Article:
UN in move to scale down naval security task force in Lebanon

A United Nations Interim Force in Lebanon (UNIFIL) soldier standing by as Israeli soldiers take down a barbed wire fence after having erected concrete blocks along the border with Lebanon. (AFP)
Updated 12 March 2019
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UN in move to scale down naval security task force in Lebanon

  • Arab News has learned that UNIFIL is under pressure to reduce its spending in the country
  • In an attempt to reduce expenditure, UNIFIL slashed the number of flights between its Lebanese headquarters in Naqoura and Beirut

BEIRUT: A top UN peacekeeping official on Tuesday moved to scale down the operations of a naval security task force in Lebanon.

UN Under-Secretary-General for Peacekeeping Operations Jean-Pierre Lacroix held talks with Lebanese officials about the gradual reduction of tasks being carried out by the UNIFIL Maritime Task Force (MTF).

During a meeting, the UN official asked Lebanese Defense Minister Elias Bou Saab to “reinforce the presence of the Lebanese army in the south and the capabilities of the Lebanese navy” in order to cut the MTF’s security responsibilities.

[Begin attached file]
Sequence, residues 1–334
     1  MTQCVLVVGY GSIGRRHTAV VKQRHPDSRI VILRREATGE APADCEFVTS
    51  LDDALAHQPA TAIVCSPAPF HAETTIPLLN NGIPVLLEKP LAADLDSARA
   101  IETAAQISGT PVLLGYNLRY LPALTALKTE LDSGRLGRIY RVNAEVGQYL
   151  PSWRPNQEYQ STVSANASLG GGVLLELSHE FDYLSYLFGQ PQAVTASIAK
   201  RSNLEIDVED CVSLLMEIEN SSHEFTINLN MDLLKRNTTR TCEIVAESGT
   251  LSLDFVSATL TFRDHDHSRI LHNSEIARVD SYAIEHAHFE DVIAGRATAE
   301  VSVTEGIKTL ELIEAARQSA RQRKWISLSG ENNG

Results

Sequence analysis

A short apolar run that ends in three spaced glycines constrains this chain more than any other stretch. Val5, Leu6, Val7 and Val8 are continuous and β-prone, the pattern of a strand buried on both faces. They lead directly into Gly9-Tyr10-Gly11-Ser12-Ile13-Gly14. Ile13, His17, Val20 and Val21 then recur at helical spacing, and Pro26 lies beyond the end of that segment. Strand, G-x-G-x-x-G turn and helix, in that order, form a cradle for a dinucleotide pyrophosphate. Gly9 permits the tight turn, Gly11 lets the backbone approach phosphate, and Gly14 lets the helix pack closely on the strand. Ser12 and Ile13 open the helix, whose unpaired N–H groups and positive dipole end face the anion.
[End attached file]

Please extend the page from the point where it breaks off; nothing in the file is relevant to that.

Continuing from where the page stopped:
Lacroix also addressed Lebanese concerns over sensitive maritime border claims with Israel.

Arab News has learned that UNIFIL is under pressure to reduce its spending in the country.

The MTF was the first force of its kind in the history of UN peacekeeping missions when it was established in October 2006 at the request of the Lebanese government within the framework of UN Security Council resolution 1701 (aimed at resolving the 2006 Israel-Lebanon conflict).

The aim of the task force has been to support the Lebanese navy in securing its coastline and territorial waters and help prevent unauthorized entry of arms or related materials by sea into Lebanon.

After meeting with Lebanese President Michel Aoun and Foreign Minister Gebran Bassil, in Beirut, Lacroix stressed “the importance of cooperation between the Lebanese authorities and the UN forces, especially since we have been in southern Lebanon for decades. This has contributed to calming the situation despite some problems that we and the Lebanese authorities jointly deal with.”

The UN official added: “We expressed our pleasure to continue this cooperation under the new government, which represents an opportunity to give impetus to important projects for Lebanon by strengthening the presence of the army in the areas where UNIFIL operates and to gradually work to strengthen the Lebanese maritime capabilities, which would allow for a transitional phase of tasks in this area between UNIFIL and the army.”

Aoun told Lacroix that Lebanon “still faces Israeli opposition to the demarcation of the maritime border in the exclusive economic zone, despite suggestions made in this direction.”

Bou Saab said: “The question of borders is sensitive today because the parties concerned are trying to determine the final shape of the maritime border and the situation requires further discussion.”